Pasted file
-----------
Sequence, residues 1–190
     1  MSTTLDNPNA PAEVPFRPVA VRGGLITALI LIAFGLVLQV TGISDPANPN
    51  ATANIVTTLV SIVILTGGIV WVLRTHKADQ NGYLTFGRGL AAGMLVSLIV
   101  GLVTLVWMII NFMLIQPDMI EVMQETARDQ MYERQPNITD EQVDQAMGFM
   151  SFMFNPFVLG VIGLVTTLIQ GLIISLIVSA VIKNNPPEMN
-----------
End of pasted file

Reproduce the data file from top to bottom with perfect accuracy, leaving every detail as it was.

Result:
Sequence, residues 1–190
     1  MSTTLDNPNA PAEVPFRPVA VRGGLITALI LIAFGLVLQV TGISDPANPN
    51  ATANIVTTLV SIVILTGGIV WVLRTHKADQ NGYLTFGRGL AAGMLVSLIV
   101  GLVTLVWMII NFMLIQPDMI EVMQETARDQ MYERQPNITD EQVDQAMGFM
   151  SFMFNPFVLG VIGLVTTLIQ GLIISLIVSA VIKNNPPEMN